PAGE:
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Child Custody Jurisdiction in California Family Court, Part V

 Brian Pakpour      February 26, 2018

31278169 - a little boy hugs his father

How does a court determine where to hear a child custody case when no state has jurisdiction over the children under the law? That’s a perplexing question that actually has a simple answer.

This is the last of our 5-part series on Child Custody Jurisdiction in California Family Court.

To recap, so far we’ve recounted 3 circumstances in which the courts in California determine where to hear a child custody matter:

1. Home State Jurisdiction

2. New State Jurisdiction, and

3. Not My State Jurisdiction


In this post, I will explain what I call “No State Jurisdiction.” In other words, where should the matter be heard when no other state qualifies under the three named provisions above?

Under Family Code section 3421(a)(4), California can make initial child custody determinations if “no court of any other state would have jurisdiction under the criteria specified” regarding Home State Jurisdiction, New State Jurisdiction, or Not My State Jurisdiction.

In other words, where no state could be considered the home state, the child and the child’s paents have no significant ties to California, and no court in another state has determined that California is the appropriate place to hear the matter, a California court can take jurisdiction and hear the matter.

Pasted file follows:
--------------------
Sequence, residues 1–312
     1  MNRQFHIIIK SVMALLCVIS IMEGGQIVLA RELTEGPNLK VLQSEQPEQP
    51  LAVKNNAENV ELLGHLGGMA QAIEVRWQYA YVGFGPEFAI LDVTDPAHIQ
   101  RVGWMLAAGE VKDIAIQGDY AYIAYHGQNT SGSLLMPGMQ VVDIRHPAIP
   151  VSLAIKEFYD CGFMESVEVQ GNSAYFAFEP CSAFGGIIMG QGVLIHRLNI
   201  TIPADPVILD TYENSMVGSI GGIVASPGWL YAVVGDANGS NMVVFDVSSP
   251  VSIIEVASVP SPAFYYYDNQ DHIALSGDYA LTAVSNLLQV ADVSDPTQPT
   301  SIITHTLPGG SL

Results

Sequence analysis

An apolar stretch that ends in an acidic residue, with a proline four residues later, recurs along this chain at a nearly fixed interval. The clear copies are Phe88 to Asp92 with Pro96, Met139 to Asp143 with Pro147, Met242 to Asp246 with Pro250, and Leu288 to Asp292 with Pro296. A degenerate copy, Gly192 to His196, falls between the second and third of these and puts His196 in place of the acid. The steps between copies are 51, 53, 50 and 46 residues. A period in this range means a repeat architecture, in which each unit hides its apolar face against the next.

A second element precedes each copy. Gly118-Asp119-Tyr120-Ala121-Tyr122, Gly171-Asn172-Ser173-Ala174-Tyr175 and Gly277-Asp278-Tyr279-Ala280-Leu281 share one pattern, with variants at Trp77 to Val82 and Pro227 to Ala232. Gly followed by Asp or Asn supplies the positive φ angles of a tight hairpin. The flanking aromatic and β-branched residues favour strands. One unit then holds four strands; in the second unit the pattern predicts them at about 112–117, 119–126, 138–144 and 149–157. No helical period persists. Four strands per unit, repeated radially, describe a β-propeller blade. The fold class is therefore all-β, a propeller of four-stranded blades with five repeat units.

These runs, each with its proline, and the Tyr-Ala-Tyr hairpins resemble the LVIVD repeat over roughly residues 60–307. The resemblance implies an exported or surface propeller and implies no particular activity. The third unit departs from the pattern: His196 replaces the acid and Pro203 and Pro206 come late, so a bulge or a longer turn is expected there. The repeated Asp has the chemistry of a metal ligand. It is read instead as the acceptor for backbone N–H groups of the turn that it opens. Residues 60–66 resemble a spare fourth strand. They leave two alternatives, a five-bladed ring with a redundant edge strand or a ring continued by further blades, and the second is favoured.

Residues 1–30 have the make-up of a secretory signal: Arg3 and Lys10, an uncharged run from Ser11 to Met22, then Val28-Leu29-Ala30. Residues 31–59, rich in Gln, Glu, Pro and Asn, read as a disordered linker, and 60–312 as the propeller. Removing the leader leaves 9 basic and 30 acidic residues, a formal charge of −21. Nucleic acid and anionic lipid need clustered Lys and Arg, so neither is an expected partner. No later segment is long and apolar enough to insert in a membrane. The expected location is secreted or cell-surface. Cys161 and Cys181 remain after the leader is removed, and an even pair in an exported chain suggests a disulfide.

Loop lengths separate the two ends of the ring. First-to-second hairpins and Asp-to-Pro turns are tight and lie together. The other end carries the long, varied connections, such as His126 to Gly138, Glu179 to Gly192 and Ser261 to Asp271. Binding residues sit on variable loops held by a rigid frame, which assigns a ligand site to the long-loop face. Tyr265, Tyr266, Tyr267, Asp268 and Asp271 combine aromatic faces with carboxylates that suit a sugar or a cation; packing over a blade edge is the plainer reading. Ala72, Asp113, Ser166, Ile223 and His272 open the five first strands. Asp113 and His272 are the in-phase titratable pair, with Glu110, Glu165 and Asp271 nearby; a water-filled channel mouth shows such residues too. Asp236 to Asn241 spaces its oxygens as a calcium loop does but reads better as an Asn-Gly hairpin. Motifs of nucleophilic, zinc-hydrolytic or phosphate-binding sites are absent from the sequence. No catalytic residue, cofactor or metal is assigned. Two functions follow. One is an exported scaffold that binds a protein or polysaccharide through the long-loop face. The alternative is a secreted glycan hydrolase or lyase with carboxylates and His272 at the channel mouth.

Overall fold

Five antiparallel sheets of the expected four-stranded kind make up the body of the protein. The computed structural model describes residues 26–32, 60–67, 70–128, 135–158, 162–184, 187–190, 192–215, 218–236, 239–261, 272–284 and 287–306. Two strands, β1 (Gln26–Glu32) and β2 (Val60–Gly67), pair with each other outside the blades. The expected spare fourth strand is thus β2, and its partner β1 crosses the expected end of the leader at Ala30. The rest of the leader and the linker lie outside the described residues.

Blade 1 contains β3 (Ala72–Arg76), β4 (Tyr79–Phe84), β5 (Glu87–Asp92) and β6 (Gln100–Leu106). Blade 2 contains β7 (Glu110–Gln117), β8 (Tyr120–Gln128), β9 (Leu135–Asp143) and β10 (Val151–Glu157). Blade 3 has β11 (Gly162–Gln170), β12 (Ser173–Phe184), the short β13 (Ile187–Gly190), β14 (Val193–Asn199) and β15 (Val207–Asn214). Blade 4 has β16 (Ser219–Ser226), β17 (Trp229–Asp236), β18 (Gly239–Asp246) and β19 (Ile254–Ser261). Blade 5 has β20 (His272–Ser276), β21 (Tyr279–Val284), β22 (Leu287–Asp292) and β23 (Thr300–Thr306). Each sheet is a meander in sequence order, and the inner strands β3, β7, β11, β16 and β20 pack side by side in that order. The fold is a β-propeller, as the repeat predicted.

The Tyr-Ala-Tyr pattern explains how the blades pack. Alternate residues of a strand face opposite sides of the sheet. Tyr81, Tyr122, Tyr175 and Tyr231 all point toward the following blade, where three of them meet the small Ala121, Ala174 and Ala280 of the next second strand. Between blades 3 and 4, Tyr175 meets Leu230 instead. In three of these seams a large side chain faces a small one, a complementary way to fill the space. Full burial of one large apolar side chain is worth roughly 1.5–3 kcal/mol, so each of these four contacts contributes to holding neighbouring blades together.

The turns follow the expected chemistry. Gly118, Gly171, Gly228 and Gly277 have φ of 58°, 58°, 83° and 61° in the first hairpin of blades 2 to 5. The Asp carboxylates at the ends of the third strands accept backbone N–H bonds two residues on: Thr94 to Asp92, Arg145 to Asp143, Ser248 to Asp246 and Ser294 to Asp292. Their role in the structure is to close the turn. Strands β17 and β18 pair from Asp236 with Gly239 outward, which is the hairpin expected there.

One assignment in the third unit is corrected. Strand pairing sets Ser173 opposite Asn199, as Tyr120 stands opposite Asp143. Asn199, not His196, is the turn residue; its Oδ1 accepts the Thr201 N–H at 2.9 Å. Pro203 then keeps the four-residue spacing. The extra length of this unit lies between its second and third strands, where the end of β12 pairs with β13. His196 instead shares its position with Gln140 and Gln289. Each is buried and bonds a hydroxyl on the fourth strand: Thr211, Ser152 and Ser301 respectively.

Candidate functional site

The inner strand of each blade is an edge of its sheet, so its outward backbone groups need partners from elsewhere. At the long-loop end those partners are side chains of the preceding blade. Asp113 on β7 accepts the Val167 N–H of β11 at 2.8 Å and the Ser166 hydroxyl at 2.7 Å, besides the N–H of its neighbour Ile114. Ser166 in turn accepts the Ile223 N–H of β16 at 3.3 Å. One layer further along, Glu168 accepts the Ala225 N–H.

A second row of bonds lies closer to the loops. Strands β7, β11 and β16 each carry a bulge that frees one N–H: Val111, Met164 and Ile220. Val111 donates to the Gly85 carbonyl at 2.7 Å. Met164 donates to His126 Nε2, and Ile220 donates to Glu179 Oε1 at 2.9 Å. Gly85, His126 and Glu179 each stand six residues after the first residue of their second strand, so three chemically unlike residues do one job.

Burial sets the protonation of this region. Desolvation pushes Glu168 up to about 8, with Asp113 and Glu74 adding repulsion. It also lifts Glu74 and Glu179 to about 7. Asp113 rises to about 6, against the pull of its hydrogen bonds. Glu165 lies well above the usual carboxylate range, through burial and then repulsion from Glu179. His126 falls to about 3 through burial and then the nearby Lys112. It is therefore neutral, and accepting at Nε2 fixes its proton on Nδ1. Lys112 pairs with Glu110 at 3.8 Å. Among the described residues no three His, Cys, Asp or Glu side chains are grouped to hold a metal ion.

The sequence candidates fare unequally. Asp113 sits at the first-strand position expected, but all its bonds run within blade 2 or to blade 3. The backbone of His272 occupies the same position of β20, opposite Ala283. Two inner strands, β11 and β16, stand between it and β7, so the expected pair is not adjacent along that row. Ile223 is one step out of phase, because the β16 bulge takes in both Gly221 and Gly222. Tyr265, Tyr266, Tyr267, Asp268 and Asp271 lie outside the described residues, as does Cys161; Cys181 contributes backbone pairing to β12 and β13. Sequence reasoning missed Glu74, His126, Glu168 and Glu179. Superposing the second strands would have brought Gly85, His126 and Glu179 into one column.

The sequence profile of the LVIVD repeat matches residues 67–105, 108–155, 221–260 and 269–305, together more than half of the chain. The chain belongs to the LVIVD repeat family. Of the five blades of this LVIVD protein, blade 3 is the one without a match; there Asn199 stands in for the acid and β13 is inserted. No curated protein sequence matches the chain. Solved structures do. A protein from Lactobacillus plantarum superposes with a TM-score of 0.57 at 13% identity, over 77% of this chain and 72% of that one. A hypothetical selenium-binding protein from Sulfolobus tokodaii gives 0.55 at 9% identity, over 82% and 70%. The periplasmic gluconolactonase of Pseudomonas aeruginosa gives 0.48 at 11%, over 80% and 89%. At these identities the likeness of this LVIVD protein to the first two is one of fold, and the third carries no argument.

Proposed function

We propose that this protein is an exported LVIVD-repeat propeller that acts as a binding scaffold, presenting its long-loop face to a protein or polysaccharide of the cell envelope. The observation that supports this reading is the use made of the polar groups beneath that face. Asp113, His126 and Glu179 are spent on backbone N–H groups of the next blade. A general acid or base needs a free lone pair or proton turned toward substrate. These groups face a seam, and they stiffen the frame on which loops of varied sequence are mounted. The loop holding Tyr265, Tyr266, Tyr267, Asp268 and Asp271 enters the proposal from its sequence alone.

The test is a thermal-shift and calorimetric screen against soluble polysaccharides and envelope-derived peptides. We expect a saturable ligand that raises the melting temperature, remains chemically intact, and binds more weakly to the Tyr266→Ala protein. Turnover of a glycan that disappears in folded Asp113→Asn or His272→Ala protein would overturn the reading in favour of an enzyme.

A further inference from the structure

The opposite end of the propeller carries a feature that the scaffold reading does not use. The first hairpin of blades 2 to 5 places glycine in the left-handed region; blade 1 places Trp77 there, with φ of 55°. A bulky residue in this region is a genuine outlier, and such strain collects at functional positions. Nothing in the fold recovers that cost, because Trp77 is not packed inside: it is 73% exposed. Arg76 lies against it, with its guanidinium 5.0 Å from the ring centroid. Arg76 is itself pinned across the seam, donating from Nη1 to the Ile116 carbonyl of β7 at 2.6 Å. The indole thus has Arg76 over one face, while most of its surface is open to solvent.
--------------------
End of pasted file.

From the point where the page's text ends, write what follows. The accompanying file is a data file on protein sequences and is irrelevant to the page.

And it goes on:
Obviously, this would be an incredibly rare scenario. The most likely scenario would involve a minor child who had moved from state to state prior to coming to California, so home state jurisdiction has never been established elsewhere. In that case, if the parents are not from California, and no other court is interested in taking jurisdiction, a California judge can decide to hear the case here.

The point of the child custody jurisdiction laws is two-fold: first, to ensure that there is never more than one state making custody orders about the same child; second, to ensure that there is always at least one state to make custody orders about a child.

“No State” Jurisdiction is a way of ensuring the latter goal. If no other state can hear the matter, California will take it up.

Call Pakpour Family Law today at to discuss child custody and other issues: 530-302-5444

We can assist you with any family law matter in the following counties:

Yolo County, Solano County, Placer County, and Sacramento County